NY Supreme Court judge strikes down governor Hochul’s unauthorized mask mandate

A New York State Supreme Court judge told Gov. Kathy Hochul that she doesn’t have the authority to enact her mask mandate.

Judge Thomas Rademaker ruled that the governor and state health commissioner don’t have the authority to enact the mandate without the state legislature’s approval. Hochul does not have emergency powers.

According to the court document, “there can be no question that every person in this State wishes, wants and prays that this era of COVID ends soon and they will surely do their part to see that that is accomplished. However, enacting any laws to this end is entrusted solely to the State Legislature. While the intentions of Commissioner Basset and Governor Hochul appear to be well-aimed squarely at doing what they believe is right to protect the citizens of New York State, they must take their case to the State Legislature.”

The rule in question would require all state residents over the age of 2 to wear a mask while in a public place where social distancing is not an option. “This has been decided and determined by Commissioner Bassett to include in part, schools and school children,” according to the document.

While former Governor Andrew Cuomo announced the end of New York’s COVID-19 State disaster emergency on June 24, 2021, Governor Hochul extended the emergency powers via Executive Order 11, five months later, on November 26.

“Notably, in her Executive Order of November 26, 2021, Governor Hochul declared a disaster emergency in the State of New York; however, Respondents admit in their Answer that currently there is no state disaster emergency,” the court found.

While Judge Rademaker acknowledged the challenges of governing during a pandemic, his decision hinged on the Constitution.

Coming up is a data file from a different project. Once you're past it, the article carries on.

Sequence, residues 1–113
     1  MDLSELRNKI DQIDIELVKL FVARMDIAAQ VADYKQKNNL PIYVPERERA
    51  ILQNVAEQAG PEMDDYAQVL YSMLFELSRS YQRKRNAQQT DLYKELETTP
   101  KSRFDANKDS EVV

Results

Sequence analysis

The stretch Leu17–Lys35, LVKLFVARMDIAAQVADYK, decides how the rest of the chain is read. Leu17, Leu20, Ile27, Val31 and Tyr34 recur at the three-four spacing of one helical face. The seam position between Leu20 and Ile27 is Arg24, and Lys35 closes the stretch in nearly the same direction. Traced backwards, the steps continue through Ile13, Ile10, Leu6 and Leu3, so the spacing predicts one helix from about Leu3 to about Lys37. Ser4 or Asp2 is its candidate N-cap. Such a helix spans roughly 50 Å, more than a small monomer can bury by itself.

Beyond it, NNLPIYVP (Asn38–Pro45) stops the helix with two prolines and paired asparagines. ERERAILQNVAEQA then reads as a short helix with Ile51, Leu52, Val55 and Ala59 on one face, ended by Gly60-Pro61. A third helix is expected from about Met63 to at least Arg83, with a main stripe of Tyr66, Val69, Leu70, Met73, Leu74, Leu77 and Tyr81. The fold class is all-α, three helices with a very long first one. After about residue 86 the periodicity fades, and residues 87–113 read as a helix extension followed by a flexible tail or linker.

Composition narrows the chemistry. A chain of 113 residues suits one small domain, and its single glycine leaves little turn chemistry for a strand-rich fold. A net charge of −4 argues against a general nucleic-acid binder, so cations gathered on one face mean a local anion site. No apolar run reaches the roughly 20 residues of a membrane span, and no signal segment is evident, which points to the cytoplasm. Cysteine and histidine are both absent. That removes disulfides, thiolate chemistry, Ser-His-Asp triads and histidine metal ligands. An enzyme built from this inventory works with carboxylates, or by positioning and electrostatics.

“It is evident that the Legislature of the State of New York is the branch of government charged with enacting laws and the Executive branch is charged with enforcing the law,” the document reads. “To some extent this clear division of authority and responsibility is blurred and difficult to define in many instances, particularly when a state agency enacts administrative rules that relate to a low. But where the line of authority begins and ends lies at the core of our constitutionally established form of representative government.”

“The Court cannot find any law enacted by the State Legislature that specifically gives the Department of Health and its Commissioner the authority to enact a law,” the judge concluded.

Not everyone was waiting for the court’s ruling to act.

New York schools in Plainedge and Massapequa have recently made plans to do away with the mask mandates next month, according to a report from Bronx News 12, and the Board of Education for the Island Trees School District voted unanimously on Monday to leave the decision to mask up to the person who enters the school buildings once the mandate expires.

Nassau County Executive Bruce Blakeman is hopeful the ruling will stand.

“I’m very energized by the court’s ruling, and I believe that, as an appellate court reviews the decision of Justice Rademaker, they will see that it is well principled… That it’s based on the law and the constitution of the state of New York,” Blakeman told Bronx News.

Not surprisingly, many parents were excited to hear the court’s decision.

“Commend the judge for listening to what the community and the students have been asking for,” says parent Brian Peranzo. “Parent’s choice is what we’ve been asking for all along.”

Professor James Sample, of Hofstra University, however, does not expect the masks to suddenly disappear.

“In terms of what the average rank and file New Yorkers can anticipate, I would expect that tomorrow, for example, schools, stores and business will still be subject to the mask mandate…” Sample said.

What is expected is an appeal to the judge’s ruling from the governor’s office.

Until then, the question of masking or unmasking will remain a topic of some confusion.

Given the anticipated appeal, the State Education Department has said schools must continue to follow the mask rule, but according to one parent, the Copiague school district has been told by the school that “as they await further direction from the court, masks will be optional in our schools.”

Melissa Fine


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